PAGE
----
Carb Cycling Followup
Thursday, October 25, 2012
I left things kind of vague in my last blog because I wanted to try this out for a couple of weeks before getting too detailed. It resulted in some very good questions, though. So I'll explain the concept of what I'm attempting.
Those of us who do low-carb primarily focus on lowering insulin levels in order to induce fat loss. However, there is another hormone that is instrumental in adipose fat tissue levels: leptin.
We are very complex biologic systems, so there are tons of biochemical interactions. The gist of it is insulin and leptin are hormones that directly effect the amount of adipose fat tissue we carry.
Elevated insulin levels turns on fat storage. Too much insulin circulating chronically can lead to insulin resistance.
Leptin is one of the hormones involved with hunger and satiety. It is also responsible for up and down regulating metabolic burn. The amount of leptin circulating is proportional to the amount of fat we have. Leptin lets the brain know that we have sufficient fat stores, so no need to eat anymore. Low leptin makes us more hungry, and slows down calorie burn.
However, just like insulin, when levels are elevated for prolonged periods of time, we can become leptin resistant. Our satiety switch doesn't work. We become chronically obese, and we can't burn fat. We have too much fat, and yet our brain keeps telling us to eat more and more.
I remember when I used to battle with 'willpower' to stop eating. It was always a losing fight. It's chemical. Obesity is a miscommunication of hormones that chronically increases fat and prevents fat burn.
Here are some ways leptin is lowered:
- Very low calorie diets
- Very low carb diets
- Insufficient sleep
- Strenuous exercise
Ever felt crazy hungry after a hard workout? Yep, that's lowered leptin levels compelling you to eat.
So how do you raise leptin?
Well, the bad news is leptin levels drop at a much faster rate than it increases. Once leptin levels crash, it is very hard to raise.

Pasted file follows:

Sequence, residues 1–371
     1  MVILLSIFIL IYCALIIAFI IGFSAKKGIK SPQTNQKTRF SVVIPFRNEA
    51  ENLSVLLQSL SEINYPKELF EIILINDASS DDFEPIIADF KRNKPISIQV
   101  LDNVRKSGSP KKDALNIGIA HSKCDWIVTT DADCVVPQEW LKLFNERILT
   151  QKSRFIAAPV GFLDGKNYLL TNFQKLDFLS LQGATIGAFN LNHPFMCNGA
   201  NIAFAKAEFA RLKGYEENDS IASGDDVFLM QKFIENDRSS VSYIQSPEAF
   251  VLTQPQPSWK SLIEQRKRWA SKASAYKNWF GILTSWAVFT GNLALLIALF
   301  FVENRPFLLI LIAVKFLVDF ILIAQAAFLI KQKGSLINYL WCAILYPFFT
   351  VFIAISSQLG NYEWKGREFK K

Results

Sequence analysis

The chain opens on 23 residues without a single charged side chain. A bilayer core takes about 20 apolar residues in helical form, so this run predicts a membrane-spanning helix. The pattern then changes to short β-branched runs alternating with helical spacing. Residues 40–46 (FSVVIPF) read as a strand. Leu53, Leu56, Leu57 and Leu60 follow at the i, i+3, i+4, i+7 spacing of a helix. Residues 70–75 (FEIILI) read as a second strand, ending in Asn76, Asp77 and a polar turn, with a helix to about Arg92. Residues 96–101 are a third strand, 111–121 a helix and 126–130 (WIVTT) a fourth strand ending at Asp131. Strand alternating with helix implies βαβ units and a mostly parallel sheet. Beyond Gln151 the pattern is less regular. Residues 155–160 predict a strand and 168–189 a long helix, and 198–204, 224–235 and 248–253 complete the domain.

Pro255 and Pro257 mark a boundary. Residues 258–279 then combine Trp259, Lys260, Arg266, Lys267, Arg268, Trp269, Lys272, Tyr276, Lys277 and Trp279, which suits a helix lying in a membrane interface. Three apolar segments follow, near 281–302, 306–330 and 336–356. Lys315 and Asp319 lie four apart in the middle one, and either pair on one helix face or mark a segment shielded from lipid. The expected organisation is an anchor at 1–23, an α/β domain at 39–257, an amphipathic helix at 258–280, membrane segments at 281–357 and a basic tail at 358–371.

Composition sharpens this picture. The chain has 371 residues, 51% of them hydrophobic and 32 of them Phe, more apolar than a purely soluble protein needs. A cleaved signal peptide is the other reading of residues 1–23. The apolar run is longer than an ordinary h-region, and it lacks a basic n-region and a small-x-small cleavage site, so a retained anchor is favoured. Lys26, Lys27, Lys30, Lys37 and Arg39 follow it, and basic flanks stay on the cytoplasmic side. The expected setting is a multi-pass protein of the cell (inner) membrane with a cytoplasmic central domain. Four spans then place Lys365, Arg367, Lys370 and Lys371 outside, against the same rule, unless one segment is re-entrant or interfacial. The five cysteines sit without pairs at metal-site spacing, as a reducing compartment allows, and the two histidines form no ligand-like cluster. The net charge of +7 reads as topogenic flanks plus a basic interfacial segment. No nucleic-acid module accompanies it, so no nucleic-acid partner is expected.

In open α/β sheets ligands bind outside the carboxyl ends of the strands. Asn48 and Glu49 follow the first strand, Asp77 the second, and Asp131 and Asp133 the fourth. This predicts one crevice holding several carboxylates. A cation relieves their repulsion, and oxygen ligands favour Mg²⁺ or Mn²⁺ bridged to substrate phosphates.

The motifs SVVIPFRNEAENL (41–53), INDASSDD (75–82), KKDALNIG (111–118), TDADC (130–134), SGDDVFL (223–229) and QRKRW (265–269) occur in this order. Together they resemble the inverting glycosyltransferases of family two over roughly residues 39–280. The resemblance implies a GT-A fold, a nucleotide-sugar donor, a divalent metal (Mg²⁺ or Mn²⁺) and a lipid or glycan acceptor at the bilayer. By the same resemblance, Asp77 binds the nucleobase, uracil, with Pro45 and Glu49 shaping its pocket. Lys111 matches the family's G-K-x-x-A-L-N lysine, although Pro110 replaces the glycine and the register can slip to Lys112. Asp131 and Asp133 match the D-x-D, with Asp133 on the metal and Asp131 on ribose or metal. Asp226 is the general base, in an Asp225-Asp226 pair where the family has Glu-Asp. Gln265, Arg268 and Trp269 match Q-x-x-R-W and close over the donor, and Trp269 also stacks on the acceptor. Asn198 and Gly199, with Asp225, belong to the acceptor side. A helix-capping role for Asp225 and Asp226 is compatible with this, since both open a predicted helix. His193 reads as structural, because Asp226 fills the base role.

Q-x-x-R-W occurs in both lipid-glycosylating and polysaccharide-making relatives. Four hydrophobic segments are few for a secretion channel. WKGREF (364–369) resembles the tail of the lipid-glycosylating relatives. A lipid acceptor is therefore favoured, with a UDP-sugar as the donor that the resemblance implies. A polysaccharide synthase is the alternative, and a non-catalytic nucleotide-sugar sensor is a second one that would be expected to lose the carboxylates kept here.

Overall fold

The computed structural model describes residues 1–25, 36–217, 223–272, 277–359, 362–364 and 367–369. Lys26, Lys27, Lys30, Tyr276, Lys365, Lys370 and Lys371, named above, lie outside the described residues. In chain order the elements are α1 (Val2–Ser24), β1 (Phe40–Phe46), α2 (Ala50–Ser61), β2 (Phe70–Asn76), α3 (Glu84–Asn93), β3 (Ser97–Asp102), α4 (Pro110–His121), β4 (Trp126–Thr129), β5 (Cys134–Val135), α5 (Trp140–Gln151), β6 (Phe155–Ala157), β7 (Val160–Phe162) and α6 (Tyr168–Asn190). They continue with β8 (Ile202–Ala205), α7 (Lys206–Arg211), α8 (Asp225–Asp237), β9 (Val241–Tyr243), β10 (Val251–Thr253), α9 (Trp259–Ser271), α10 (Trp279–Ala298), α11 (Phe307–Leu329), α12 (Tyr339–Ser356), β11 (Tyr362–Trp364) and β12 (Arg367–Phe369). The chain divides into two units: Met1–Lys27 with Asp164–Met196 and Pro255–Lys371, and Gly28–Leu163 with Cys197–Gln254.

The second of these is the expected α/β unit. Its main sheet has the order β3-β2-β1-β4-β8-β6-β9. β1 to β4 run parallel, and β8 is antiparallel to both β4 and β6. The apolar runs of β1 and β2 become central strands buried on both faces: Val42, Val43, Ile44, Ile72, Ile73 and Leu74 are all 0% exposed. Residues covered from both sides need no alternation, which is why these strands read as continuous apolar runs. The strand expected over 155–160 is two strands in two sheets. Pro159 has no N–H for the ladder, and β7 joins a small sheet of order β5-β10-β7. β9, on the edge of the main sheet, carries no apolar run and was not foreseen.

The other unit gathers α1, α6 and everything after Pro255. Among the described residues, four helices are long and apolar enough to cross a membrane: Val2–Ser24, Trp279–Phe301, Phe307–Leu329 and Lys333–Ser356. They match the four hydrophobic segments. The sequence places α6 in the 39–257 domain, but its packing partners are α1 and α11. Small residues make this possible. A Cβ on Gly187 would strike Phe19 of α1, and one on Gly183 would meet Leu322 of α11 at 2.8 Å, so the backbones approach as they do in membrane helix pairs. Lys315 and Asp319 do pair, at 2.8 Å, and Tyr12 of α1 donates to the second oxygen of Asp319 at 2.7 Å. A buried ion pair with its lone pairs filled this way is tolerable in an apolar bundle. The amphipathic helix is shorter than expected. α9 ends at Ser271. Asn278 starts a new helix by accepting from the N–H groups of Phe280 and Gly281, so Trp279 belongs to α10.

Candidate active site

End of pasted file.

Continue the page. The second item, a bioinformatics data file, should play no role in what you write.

I've only recently started exploring the leptin theory, so I don't know all the ins and outs. The only thing I've seen on how to raise leptin is to not be hungry. When we feel 'full', enough leptin is triggered for our brains to say 'stop'.
- If you restrict calories, periodically have a high calorie day.
- If you low-carb, periodically have a high carb meal.
- Eat lots of fiber so you feel full, and leptin is stimulated.
- Have a rest day to clear out cortisol and other stressors (more about 'rest' days later!).
Once leptin levels plummet, it's an uphill, against the wind battle to restore it. So it's best not to get into that situation. This is but one reason why anorexics gain fat at an accelerated rate if they go back to eating 'normal' after prolonged severe calorie restriction.
Never EVER starve yourself to lose weight.
This might also be why chronic cardio goers tend to plateau despite vigorous exercise. Leptin lowers metabolic rate to counteract increased energy expended and decreased calorie consumption.
This is the idea behind carb cycling. Very low carb/calorie days clears out elevated insulin levels, but also drops leptin. High carb/calorie days raises leptin, but also raises insulin. Thus follow with very low carb. Wash, rinse, repeat as necessary.
Presumably this works better for people near goal weight because they are less likely to have issues with insulin resistance, which is a primary block to fat burn. For people just starting weight loss, an 'induction' period is a very good idea so there is a clean slate.
Some people may call this a 'cheat day'. I caution against that as an excuse to binge. I plan to use my high carb days to eat mainly starches: potatoes, sweet potatoes or rice.
As for why to sync up high carb with high intensity workouts, one reason might be because HIIT depletes glycogen stores. The more strenuous the workout, the more glycogen burned (and the more leptin dropped!). High carb/calorie, in theory, should replenish glycogen, and offset some leptin drop. Carbs/calories are used in a beneficial way, and hopefully less likely to be stored as fat.
This is what I'm attempting for the next few weeks. In my case, I'm hoping it will up-regulate metabolic burn.